As the retail market closed in April-end, many labourers who did not find enough work, shelter and food left the city for their home towns in the trucks that had arrived at the market. Till then, they had turned the marketplace into their temporary homes, sleeping in vehicles and on platforms within the market. In the last one week, the infection has spread to at least half of Tamil Nadu.

Also read | Despite lockdown, roads choked with vehicles near Koyambedu market

The World Health Organisation defines clusters of cases as countries/territories/areas experiencing cases, clustered in time, geographic location and/or by common exposures. This holds true for the Koyambedu cluster. As vendors began to test positive in Chennai, market labourers including loadmen were infected in many districts of the State such as Ariyalur, Perambalur, Cuddalore, Villupuram, Chengalpet and Tiruvallur. While the government managed to trace and test all index cases, what marked the beginning of a challenging process was contact tracing. The cluster was different owing to the massive crowds involved. In a normal situation, a person who tests positive for COVID-19 will have 20 to 30 contacts. But, public health officials pointed out, this was not the case with the Koyambedu cluster where some who tested positive had roughly 200 to 250 contacts.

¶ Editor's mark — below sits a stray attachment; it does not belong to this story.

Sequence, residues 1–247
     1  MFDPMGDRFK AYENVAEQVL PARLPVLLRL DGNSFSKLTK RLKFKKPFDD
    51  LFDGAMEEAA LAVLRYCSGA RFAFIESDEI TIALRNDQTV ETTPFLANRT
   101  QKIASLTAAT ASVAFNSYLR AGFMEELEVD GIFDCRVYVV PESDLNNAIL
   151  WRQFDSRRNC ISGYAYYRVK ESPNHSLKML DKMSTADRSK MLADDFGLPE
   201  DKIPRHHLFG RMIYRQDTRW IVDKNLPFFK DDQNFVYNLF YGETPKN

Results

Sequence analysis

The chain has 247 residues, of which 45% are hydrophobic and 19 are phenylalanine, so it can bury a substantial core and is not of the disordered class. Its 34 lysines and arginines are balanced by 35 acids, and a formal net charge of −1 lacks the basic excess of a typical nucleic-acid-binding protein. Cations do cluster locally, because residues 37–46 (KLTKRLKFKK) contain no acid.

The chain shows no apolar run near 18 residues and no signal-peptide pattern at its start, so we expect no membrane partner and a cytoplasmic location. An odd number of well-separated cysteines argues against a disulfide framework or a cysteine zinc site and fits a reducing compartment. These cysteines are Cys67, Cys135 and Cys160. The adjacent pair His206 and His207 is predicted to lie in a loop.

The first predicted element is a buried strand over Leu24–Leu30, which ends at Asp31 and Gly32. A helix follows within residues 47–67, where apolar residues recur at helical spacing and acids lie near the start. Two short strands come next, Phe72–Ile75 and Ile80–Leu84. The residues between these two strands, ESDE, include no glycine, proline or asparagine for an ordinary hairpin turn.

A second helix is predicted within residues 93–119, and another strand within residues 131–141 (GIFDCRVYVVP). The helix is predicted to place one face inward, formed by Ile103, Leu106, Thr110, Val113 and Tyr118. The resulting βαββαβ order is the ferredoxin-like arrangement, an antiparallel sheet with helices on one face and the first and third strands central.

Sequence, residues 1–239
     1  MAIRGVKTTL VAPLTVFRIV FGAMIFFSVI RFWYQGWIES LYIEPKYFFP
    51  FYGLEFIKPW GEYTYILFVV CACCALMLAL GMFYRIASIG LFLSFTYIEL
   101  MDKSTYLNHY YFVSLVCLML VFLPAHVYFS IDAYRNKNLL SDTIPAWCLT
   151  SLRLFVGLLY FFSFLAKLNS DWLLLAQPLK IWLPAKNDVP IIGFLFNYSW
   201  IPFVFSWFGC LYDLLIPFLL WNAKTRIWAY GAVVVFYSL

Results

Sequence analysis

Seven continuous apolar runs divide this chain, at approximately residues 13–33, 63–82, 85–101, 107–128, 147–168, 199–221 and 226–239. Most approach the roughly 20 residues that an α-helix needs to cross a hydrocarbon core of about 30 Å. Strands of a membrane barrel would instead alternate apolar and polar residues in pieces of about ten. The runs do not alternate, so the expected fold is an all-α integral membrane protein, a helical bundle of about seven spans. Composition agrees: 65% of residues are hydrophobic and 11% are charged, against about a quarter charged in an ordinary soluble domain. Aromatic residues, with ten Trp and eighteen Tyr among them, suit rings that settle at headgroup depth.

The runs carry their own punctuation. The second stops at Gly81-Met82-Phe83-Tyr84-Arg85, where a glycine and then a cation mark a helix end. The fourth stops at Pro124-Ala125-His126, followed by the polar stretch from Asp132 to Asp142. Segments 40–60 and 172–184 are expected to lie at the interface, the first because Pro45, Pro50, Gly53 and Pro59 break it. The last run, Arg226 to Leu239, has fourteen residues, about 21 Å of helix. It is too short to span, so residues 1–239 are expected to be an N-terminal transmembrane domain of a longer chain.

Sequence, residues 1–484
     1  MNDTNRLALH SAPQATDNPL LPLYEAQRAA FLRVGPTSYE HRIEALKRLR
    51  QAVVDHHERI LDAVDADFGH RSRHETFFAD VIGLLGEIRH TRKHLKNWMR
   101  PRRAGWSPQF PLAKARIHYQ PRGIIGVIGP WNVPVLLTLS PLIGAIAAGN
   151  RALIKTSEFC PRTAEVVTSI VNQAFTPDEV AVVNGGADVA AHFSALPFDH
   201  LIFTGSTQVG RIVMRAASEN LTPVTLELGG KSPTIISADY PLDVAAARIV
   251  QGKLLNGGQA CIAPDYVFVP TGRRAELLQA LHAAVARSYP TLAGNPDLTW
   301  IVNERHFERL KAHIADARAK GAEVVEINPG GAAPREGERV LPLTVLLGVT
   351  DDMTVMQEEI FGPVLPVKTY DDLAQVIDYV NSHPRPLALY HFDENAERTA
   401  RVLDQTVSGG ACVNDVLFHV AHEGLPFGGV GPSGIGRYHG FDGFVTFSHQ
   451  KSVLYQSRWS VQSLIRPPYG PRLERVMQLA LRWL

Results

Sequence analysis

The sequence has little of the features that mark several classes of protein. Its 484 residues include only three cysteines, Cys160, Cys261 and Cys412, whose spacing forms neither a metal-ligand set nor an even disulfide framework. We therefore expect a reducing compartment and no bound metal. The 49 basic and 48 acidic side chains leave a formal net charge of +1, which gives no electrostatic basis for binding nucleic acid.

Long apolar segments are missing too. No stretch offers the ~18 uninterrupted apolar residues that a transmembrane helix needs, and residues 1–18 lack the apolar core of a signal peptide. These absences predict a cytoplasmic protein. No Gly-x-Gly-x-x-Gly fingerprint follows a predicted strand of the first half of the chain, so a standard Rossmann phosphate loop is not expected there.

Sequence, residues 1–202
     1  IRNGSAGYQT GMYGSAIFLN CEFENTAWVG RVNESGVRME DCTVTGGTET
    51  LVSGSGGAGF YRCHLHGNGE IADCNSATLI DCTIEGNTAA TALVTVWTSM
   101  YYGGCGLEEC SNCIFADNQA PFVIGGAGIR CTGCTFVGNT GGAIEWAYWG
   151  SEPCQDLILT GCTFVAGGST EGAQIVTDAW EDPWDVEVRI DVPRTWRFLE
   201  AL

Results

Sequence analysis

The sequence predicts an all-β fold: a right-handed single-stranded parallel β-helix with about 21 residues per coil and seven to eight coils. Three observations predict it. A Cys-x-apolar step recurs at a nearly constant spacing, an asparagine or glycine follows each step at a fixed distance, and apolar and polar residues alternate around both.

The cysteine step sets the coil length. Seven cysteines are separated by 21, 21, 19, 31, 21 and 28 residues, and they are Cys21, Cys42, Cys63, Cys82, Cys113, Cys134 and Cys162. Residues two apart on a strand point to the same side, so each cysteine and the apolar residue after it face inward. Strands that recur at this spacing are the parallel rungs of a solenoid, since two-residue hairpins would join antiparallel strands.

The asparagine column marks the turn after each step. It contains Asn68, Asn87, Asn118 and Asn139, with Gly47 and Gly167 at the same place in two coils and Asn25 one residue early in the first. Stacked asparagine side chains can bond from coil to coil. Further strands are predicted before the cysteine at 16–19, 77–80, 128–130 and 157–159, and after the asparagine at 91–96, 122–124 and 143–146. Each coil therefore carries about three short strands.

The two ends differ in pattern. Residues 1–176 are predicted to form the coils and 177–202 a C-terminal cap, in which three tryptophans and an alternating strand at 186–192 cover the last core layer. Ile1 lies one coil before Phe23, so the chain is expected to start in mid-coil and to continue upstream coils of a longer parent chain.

Will the lessons learnt from this pandemic help to shape the future of urban markets?

Urban planning experts note that markets where there are daily activities that are large scale in nature with huge congregations need more attention. According to A. Srivathsan, professor, CEPT University, Ahmedabad, the Koyambedu market, with its confined spaces and shops that are packed closely, was denser than a shopping mall in the city. Instead of one large central unit, there is a need to establish multiple markets in the city that is growing in the periphery.

Also read | Officials in Nellore on alert as Koyambedu cases rise

Experts note that the design of the market should be decided after taking into account various factors that include sanitation. More options for sourcing and the delivery of goods need to be thought of in order to reduce crowding in one place.

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Printable version | May 6, 2021 1:38:24 PM |